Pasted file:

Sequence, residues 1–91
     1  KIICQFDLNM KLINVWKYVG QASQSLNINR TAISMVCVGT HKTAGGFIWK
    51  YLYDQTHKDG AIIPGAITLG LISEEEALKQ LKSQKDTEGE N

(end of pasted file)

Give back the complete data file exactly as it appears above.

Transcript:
Sequence, residues 1–91
     1  KIICQFDLNM KLINVWKYVG QASQSLNINR TAISMVCVGT HKTAGGFIWK
    51  YLYDQTHKDG AIIPGAITLG LISEEEALKQ LKSQKDTEGE N